Jabil acquires Intel’s Silicon Photonics Connector Business

Jabil acquires Intel’s Silicon Photonics Connector Business

Jabil, a global manufacturing services company, has agreed to buy Intel’s silicon photonics connector business for an undisclosed amount. The deal will give Jabil access to Intel’s existing silicon photonics-based pluggable optical transceiver products and allow it to continue developing them in the future.

The acquisition will enhance Jabil’s capabilities in the data center connectivity market and help it serve customers in various sectors, such as AI cloud data centers and hyperscale cloud service providers. Intel, on the other hand, will concentrate on its core products: processors and compute platforms. However, Intel will not completely abandon I/O solutions, the company said.

“We also decided to sell the pluggable module part of our silicon photonics business in Q3, which will enable us to focus on the more valuable component business and optical I/O solutions for AI infrastructure scaling,” said Pat Gelsinger, CEO, during the company’s earnings call.

“This is the 10th business we have exited in the last two-and-a-half years, generating $1.8 billion in annual savings and demonstrating our efforts to optimize our portfolio and create long-term value.”

By integrating Intel’s silicon photonics business, Jabil aims to offer comprehensive photonics services that include component design, system assembly, and efficient supply chain management. Jabil believes that this approach will enable it to expand the market for its silicon photonics components.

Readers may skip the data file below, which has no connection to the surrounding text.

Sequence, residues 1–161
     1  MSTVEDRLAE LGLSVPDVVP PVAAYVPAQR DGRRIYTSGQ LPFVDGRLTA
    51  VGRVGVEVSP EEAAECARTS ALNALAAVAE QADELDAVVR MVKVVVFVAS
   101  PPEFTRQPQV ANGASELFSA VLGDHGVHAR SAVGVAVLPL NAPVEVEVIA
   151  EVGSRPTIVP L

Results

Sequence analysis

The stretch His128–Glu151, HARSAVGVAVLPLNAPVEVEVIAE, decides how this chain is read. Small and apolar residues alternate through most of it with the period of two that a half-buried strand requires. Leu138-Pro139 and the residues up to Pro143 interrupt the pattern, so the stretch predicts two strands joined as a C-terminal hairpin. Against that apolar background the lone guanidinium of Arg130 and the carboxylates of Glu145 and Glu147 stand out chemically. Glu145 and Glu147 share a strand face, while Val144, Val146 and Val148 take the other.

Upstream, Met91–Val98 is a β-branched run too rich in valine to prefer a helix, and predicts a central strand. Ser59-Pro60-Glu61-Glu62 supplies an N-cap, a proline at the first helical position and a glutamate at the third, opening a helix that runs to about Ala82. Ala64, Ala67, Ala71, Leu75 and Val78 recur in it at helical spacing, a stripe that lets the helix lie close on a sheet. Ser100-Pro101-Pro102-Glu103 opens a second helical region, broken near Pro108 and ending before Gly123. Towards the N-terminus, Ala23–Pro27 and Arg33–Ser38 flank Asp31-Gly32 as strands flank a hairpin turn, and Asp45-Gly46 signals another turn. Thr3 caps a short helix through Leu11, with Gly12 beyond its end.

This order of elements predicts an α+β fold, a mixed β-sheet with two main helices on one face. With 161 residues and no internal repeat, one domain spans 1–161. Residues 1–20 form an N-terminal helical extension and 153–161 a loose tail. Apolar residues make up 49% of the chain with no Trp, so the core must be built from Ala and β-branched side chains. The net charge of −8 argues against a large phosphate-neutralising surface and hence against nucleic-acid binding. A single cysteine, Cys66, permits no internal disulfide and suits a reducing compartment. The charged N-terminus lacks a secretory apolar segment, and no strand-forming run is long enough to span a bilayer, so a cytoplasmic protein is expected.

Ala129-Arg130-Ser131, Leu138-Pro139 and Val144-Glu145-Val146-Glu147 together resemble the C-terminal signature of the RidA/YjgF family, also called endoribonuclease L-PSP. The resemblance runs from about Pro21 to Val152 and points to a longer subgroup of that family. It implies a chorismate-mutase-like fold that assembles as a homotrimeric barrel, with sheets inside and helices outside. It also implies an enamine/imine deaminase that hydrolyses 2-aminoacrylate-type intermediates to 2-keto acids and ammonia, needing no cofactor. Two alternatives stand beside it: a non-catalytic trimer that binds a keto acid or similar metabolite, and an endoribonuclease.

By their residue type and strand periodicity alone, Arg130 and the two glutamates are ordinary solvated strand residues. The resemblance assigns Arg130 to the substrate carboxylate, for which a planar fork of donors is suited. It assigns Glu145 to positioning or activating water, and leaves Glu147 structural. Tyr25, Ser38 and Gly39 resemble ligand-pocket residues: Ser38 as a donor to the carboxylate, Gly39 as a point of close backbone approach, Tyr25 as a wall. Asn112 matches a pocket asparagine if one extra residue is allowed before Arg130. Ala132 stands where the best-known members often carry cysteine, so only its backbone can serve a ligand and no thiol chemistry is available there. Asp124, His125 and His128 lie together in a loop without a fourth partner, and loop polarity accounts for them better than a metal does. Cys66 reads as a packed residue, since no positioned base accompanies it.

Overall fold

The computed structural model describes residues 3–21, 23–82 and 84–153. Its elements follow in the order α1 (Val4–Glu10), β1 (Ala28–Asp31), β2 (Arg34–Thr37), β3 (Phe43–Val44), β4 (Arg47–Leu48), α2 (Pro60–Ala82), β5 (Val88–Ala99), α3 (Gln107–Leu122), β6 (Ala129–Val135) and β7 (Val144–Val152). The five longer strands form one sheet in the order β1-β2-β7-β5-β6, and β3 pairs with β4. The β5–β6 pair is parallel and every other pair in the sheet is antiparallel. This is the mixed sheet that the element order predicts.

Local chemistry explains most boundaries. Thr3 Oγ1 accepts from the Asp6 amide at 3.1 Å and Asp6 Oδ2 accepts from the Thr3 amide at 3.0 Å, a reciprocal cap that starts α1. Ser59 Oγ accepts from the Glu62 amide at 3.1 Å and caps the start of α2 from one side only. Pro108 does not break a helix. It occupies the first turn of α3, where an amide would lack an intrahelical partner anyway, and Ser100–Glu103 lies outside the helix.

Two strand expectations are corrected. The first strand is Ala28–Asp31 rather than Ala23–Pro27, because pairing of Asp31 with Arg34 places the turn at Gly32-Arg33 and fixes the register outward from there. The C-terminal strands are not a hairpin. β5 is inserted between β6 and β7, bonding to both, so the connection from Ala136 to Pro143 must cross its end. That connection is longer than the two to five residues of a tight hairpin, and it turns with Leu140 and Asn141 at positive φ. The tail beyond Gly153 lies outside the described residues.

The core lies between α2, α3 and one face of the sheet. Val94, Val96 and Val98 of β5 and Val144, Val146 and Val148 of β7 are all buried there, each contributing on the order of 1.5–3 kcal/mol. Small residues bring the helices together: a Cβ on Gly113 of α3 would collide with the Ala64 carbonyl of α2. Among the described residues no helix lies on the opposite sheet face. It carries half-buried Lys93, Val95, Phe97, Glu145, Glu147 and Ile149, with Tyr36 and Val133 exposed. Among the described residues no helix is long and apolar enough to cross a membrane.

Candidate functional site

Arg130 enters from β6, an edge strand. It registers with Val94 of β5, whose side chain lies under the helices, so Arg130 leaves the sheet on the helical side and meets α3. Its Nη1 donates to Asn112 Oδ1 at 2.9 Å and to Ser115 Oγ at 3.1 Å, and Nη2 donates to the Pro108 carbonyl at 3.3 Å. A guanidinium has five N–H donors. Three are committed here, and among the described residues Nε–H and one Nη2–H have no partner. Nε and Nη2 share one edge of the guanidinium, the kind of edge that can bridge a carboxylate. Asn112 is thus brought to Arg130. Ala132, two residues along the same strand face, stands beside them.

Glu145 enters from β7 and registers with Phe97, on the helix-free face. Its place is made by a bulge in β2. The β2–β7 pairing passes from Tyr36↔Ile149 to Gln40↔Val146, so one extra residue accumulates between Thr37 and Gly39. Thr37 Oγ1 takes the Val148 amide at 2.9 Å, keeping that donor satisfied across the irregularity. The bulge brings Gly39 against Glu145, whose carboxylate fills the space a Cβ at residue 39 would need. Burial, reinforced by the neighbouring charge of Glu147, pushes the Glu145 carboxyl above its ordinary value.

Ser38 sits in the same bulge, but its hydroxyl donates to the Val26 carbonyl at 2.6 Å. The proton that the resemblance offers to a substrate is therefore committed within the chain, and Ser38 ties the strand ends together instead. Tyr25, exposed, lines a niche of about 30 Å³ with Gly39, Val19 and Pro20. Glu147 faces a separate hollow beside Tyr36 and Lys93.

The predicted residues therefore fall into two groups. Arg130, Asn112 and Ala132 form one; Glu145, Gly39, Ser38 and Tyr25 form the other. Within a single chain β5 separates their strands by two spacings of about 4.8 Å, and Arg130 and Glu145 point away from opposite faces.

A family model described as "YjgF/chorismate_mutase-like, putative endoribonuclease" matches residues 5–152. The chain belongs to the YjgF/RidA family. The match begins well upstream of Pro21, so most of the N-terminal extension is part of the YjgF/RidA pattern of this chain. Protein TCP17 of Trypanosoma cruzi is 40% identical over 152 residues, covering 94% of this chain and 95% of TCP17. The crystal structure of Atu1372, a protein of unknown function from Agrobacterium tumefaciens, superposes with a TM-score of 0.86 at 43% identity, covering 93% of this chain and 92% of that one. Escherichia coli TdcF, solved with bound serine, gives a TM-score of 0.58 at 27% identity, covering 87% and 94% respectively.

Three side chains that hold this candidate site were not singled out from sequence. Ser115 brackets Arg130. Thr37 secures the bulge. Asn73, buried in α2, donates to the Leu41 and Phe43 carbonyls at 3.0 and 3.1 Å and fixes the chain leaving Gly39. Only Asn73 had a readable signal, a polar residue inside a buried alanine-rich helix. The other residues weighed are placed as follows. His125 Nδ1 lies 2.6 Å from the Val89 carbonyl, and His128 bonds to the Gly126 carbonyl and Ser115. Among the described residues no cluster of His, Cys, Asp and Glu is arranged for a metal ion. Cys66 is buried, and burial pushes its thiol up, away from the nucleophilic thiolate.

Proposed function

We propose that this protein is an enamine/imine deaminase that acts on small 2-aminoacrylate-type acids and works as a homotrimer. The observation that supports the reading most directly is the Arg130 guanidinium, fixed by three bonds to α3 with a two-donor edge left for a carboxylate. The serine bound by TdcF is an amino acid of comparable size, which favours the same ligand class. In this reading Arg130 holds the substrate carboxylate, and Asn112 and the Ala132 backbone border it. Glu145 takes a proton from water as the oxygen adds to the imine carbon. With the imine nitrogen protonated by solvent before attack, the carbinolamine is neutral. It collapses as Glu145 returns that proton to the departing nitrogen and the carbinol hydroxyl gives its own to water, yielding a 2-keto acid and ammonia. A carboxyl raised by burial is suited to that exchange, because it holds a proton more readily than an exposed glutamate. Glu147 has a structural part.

“This deal positions Jabil better to meet the needs of our valued customers in the data center industry, including hyperscale, next-wave clouds, and AI cloud data centers,” said Matt Crowley, Senior Vice President of Cloud and Enterprise Infrastructure at Jabil.

“These complex environments pose unique challenges, and we are committed to addressing them and delivering innovative solutions that support the evolving demands of the data center ecosystem. This deal allows Jabil to increase its presence in the data center value chain.”

Intel has been divesting from non-core businesses in the past few years under Pat Gelsinger’s leadership. The company decided to exit several ventures, such as 3D NAND memory production and conventional SSD business, the Optane SSD business, notebook modem activities, the Barefoot switching, servers, and NUC desktops. These decisions are part of Intel’s broader strategy to focus more on its primary businesses to improve profitability.

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